When you run the above script the table will be generated in SPSS format on the screen.  I will not reproduce the table here because of formatting problems of fitting the table into the blog format.

In part three of this turorial I will discuss generating subsets of the GSS data file and using subsets for statistical analyses such as t tests and ANOVA.


Tutorial: Using R to Analyze GSS2014 Social Science Data, Part One: Importing the Database in SPSS or STATA Format

For anyone interested in researching social science questions there is a wealth of survey data available through the National Opinion Research Center (NORC) and its associated research universities. The Center has been conducting a national survey each year since 1972 and has compiled a massive database of data from these surveys. Most if not all of these data files can be accessed and downloaded without charge. I have been working with the 2014 edition of the data and for this tutorial will use the GSS2014 data file that is available for download on the Center’s web site. ( See the NORC main website at and at ).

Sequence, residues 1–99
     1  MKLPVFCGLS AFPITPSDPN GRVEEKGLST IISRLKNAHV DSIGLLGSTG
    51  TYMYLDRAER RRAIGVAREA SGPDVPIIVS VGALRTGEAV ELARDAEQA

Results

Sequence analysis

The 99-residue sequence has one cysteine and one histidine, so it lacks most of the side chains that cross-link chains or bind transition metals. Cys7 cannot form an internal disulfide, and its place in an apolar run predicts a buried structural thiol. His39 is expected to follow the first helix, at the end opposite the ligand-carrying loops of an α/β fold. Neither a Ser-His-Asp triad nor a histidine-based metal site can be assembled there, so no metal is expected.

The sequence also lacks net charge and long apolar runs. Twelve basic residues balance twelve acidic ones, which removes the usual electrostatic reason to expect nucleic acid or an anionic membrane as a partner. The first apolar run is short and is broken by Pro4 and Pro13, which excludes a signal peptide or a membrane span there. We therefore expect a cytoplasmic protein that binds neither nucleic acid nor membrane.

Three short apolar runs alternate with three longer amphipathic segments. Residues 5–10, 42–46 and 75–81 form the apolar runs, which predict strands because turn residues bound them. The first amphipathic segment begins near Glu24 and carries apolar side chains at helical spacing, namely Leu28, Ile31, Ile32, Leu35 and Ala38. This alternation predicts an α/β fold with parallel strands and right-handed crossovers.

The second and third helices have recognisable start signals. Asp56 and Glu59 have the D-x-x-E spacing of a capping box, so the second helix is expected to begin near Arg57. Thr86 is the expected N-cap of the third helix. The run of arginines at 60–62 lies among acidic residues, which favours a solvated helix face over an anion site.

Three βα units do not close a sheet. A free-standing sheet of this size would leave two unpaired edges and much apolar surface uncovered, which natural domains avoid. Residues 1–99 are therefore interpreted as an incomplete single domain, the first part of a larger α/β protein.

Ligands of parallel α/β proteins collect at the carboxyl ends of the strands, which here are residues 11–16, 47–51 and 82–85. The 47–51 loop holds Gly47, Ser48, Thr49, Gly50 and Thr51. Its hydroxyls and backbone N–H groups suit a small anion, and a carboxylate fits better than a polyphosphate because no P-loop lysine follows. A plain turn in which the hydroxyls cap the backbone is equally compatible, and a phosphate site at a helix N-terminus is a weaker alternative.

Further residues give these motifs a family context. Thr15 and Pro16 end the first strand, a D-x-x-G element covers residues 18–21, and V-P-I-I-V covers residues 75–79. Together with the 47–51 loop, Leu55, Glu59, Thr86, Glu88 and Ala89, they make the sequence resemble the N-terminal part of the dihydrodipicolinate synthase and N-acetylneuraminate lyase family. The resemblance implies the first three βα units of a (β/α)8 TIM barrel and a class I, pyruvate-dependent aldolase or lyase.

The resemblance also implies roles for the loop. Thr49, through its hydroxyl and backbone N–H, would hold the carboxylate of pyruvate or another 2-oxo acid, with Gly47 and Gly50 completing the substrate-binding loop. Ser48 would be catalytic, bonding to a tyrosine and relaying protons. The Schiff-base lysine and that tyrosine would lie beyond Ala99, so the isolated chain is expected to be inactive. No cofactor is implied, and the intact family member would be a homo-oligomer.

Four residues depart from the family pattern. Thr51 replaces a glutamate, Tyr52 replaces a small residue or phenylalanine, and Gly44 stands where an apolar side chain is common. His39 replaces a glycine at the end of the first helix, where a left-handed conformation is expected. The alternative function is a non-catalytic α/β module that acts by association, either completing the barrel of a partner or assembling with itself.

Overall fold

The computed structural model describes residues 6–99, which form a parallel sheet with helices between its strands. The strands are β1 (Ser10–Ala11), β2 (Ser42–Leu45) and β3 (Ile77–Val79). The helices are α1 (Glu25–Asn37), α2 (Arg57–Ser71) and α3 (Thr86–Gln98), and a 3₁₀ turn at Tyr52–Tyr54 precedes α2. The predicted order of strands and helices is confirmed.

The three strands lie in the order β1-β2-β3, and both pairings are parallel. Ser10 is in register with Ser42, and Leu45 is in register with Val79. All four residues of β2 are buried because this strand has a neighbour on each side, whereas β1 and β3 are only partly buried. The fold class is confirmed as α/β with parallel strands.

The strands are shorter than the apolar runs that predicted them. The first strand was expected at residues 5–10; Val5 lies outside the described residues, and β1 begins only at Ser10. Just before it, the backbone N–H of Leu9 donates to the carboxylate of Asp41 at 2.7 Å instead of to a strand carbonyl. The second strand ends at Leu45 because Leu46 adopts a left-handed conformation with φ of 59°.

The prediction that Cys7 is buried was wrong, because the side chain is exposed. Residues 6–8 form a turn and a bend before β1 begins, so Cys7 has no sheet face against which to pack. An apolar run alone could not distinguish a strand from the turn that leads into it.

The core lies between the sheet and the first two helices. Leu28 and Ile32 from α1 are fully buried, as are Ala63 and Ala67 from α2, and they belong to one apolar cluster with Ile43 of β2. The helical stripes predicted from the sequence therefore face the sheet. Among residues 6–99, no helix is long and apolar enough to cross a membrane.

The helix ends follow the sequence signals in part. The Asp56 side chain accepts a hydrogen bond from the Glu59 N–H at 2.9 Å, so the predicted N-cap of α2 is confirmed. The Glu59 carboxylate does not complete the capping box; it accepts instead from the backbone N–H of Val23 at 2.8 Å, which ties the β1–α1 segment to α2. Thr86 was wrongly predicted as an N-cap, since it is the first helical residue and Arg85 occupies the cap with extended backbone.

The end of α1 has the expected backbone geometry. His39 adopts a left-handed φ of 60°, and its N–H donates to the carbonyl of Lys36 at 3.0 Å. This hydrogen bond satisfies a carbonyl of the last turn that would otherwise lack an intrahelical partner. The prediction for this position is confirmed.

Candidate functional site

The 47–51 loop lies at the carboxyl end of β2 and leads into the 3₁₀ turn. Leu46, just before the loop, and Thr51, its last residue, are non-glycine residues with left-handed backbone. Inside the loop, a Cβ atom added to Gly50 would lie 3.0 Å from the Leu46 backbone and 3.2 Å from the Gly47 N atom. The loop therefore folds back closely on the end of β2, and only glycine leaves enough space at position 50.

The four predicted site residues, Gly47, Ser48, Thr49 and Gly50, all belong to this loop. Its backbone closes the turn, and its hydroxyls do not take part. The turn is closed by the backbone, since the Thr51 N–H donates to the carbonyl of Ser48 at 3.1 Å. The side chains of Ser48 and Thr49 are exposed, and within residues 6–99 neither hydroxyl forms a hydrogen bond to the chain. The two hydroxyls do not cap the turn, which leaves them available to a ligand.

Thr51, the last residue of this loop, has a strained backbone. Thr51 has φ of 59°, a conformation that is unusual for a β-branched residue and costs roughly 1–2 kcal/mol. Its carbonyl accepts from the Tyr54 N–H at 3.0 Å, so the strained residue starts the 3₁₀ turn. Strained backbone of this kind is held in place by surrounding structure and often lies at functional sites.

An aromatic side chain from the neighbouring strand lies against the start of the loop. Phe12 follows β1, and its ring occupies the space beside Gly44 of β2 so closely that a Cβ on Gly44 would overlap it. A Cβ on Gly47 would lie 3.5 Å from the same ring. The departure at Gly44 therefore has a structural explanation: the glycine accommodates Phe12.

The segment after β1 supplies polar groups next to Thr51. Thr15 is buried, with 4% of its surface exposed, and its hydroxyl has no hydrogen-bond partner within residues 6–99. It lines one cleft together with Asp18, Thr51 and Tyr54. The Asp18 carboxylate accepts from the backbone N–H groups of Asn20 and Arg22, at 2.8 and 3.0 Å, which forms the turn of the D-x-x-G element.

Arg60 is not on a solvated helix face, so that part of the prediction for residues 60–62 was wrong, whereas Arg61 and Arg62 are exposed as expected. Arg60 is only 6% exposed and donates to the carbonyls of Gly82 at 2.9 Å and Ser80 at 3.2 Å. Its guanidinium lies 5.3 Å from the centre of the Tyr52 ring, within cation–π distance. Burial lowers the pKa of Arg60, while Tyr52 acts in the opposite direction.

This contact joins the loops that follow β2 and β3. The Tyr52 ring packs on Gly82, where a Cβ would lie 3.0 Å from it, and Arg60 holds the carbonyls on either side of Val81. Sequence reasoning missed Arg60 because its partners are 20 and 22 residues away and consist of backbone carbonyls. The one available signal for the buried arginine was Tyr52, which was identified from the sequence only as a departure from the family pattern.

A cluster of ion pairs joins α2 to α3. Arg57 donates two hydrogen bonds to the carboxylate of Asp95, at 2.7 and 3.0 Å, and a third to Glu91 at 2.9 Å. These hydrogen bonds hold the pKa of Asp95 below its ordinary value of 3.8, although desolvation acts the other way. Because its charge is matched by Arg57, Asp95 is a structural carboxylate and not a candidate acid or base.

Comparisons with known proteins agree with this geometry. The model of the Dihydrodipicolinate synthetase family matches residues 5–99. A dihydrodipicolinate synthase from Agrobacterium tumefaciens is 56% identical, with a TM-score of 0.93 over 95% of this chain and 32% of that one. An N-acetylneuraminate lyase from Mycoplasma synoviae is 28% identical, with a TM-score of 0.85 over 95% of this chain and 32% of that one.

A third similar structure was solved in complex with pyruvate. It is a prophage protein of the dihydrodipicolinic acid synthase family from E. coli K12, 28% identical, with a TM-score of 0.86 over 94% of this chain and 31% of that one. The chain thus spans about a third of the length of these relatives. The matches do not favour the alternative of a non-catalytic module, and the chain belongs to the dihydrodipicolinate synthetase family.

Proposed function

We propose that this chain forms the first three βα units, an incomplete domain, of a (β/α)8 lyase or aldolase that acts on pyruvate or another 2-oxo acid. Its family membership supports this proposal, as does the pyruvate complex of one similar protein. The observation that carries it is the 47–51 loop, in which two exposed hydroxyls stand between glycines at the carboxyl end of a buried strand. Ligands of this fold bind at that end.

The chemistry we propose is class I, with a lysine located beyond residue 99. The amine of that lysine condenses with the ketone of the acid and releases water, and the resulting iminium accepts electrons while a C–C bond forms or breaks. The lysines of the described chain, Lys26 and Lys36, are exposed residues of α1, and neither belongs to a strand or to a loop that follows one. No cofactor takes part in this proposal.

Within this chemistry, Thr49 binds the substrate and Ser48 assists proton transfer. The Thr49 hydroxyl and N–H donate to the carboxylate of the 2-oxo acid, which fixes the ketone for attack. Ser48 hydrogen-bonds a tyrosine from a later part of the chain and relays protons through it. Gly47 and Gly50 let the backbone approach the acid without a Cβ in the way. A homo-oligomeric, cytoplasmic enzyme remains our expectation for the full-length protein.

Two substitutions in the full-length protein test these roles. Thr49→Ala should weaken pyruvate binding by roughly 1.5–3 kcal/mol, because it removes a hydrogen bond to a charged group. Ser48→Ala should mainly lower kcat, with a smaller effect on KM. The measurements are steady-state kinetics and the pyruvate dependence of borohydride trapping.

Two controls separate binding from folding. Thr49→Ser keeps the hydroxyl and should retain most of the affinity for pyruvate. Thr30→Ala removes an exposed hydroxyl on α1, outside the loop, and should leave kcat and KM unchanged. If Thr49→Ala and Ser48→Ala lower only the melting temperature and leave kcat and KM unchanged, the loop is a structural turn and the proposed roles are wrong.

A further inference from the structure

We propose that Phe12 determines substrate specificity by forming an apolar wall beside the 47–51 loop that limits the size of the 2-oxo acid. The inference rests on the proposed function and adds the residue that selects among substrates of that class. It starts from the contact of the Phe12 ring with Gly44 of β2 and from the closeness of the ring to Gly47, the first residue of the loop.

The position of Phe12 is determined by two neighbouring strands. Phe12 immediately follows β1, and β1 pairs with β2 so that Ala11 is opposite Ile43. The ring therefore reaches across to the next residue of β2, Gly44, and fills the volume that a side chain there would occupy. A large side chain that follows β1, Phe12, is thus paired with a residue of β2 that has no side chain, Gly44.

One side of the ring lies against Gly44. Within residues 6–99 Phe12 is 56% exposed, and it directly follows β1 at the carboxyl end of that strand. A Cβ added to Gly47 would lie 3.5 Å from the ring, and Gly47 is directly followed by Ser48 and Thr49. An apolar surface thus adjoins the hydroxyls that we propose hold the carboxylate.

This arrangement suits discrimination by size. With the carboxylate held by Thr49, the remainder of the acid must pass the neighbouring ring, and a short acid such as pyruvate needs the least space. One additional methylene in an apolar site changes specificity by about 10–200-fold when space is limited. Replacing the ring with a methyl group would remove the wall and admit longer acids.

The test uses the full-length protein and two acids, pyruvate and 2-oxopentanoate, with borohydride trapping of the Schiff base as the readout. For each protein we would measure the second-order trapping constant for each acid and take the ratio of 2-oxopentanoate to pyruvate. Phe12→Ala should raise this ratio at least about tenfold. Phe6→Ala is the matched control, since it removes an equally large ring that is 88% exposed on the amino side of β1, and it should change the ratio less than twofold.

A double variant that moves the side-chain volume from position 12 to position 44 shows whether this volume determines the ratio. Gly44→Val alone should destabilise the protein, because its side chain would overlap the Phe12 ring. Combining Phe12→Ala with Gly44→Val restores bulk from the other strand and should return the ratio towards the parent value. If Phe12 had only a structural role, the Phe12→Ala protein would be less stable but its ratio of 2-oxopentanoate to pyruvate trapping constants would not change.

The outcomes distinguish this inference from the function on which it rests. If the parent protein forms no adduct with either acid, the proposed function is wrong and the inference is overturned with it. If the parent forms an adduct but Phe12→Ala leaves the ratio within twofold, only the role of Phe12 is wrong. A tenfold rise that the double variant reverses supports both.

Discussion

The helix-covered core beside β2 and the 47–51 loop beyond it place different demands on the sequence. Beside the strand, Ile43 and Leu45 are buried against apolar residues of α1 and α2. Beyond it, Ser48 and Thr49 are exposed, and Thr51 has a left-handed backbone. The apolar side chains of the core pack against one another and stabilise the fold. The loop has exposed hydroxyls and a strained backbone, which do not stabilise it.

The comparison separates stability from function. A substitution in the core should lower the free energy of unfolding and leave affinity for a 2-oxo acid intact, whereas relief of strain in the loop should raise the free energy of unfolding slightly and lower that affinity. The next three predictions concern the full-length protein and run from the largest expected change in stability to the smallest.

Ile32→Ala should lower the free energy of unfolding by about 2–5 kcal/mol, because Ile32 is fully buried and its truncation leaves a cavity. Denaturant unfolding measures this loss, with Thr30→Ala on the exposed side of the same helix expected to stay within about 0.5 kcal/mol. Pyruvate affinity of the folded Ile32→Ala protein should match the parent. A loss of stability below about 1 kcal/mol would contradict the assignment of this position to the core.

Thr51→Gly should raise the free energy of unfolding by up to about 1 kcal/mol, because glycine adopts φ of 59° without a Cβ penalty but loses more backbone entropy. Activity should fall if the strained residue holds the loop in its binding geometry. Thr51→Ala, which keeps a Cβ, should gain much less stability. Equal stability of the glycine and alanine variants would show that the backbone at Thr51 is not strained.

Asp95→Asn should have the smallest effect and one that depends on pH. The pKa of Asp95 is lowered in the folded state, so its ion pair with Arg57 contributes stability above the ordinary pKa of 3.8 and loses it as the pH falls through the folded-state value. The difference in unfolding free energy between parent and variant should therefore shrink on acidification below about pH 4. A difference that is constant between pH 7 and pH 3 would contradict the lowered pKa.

As noted above the datasets that are available for download are available in both SPSS format and STATA format. To work with either of these formats using R it is necessary to read the file into a data frame using one of a couple of different packages. The first option I will discuss uses the Hmisc package. The second option I will discuss uses the foreign package. Install both of these packages from your favorite CRAN mirror site before starting the code in this tutorial.

For this tutorial I am using the one year release file GSS2014. This file contains 2538 cases and 866 variables. Download the file   from the web site listed above in both SPSS and STATA formats. Use the following code to load the Hmisc package into your R global environment: